The Court of Justice of the European Union has decided on Tuesday 12 June and has sided with Christian Louboutin: a colour, when placed on a product or part of a product, may be registered as a trademark in the European Union insofar as it allows the consumer to identify the origin of the purchased product.
Court of Justice of the European Union, Grand Chamber, 12 June 2018, C-163/16, EU:C:2018:941, Mr. Louboutin and Christian Louboutin SAS vs. / Van Haren Schoenen B.V.
Christian Louboutin will therefore retain its trademarks in the European Union, consisting exclusively of colour 18-1663 TP of the Pantone colour chart, placed on the sole of its high-heeled shoes.
Among its numerous trademarks, the Benelux trademark was registered in 2010 in the “shoes” class and, as of 2013, in the “high-heeled shoes” class. This trademark is described as consisting of “the colour red (Pantone 18-1663 TP) applied on the sole of a shoe as represented (the contour of the shoe does not form part of the trademark but is used to show the placement of the mark)”.
In 2013, Mr. Louboutin and his company filed a lawsuit for trademark infringement against a Dutch company named Van Haren, which had marketed high-heeled shoes with red soles in 2012.
In its defence, Van Haren argued that the trademark invoked was invalid due to the fact that this trademark was solely constituted of the shape of the product in question (in this case, the sole of a high-heeled shoe).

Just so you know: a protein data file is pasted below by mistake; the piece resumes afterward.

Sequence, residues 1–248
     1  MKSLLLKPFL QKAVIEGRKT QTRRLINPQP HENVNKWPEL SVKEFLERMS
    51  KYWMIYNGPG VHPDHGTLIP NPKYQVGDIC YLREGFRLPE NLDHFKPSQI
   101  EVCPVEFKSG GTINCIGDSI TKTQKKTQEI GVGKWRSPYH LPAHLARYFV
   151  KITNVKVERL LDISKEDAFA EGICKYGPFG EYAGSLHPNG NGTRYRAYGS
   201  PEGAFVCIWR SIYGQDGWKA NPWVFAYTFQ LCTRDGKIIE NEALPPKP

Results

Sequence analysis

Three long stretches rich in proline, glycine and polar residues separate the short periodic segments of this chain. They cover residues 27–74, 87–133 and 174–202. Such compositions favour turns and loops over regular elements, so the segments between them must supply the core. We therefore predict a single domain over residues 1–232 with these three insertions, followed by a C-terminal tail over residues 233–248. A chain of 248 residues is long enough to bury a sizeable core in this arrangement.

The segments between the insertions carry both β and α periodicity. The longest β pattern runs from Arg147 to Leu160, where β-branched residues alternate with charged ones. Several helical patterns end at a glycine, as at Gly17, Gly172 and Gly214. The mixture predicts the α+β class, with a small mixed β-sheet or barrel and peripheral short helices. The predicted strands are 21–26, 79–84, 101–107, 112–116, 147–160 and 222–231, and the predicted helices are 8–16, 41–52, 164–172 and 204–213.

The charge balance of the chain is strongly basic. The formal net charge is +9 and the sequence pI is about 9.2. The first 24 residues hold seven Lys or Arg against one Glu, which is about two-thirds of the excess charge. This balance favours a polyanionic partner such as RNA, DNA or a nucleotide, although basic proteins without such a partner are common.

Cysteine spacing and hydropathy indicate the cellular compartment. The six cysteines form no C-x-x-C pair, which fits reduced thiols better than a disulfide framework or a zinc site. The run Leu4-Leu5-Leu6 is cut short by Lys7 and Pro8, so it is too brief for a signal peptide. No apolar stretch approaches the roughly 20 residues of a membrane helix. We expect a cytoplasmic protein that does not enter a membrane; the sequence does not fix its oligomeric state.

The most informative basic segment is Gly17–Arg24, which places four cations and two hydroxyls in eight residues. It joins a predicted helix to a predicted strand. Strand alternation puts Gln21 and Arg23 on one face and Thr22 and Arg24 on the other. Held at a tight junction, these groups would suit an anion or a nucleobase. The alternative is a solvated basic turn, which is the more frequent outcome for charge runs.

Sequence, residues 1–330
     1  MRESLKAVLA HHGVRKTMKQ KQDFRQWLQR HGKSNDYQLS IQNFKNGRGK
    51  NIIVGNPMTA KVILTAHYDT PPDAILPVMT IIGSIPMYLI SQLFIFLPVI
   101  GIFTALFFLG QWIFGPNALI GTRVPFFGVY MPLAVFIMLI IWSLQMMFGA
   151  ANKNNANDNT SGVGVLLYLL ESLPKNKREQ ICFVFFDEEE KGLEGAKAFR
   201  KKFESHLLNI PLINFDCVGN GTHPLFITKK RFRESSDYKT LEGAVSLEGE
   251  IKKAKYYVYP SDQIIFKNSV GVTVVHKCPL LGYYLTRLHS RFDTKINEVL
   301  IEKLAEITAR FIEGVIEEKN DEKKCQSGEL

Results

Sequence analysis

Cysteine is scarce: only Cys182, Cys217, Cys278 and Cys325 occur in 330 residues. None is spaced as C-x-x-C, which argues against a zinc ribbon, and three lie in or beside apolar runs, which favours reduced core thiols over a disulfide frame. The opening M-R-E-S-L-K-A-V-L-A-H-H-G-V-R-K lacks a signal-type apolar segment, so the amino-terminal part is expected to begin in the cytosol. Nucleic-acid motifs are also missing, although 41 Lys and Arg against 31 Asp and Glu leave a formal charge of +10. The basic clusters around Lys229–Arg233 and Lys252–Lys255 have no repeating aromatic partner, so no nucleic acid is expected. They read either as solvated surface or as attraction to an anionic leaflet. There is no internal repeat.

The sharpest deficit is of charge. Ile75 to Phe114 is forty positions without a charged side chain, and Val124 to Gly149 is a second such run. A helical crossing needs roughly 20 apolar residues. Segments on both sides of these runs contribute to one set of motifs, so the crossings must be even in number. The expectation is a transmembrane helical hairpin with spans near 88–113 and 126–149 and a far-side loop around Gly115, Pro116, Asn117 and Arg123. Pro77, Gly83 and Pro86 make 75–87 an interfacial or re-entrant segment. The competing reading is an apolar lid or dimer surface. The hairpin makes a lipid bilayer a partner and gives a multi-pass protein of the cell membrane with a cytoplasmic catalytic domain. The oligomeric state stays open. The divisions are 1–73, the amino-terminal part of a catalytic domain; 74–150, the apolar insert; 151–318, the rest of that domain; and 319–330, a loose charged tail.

Having been called upon by the Hague Tribunal, the Court of Justice of the European Union (CJEU) responded to its interlocutory question regarding the validity of the colour trademark (Pantone red 18-1663TP) invoked by Christian Louboutin.
According to its decision of 12 June 2018, the Court decided that the term ”shape” mentioned in the law must be construed according to its common meaning. However, a colour in itself, when not delineated in space, does not constitute a shape.
This applies even if the shape of the product (or part of the product) plays a role in delineating the colour in its space: the sign for which trademark protection was sought cannot be considered to consist of its shape, for which no registration was requested, but rather only as the application of a colour on a specific area of the product, in this case, a positional mark.
While this decision is a legal decision, the work and investments of Mr. Louboutin to ensure the monopoly of Pantone 18-1663 TP red soles have also ensured this favourable decision. Indeed, the impact of the considerable investments made by Mr. Louboutin and his Company to promote his “colour trademark” and their communication efforts on their red-soled shoes should not be downplayed. They have largely contributed to giving a strongly distinctive characteristic to the red-coloured soles as a result of constant use.
In addition, given the numerous decisions of the European Union Intellectual Property Office (EUIPO) refusing to register positional marks for “lack of distinctive character”, we can only temper the future enforcement of the general rule set by the CJEU.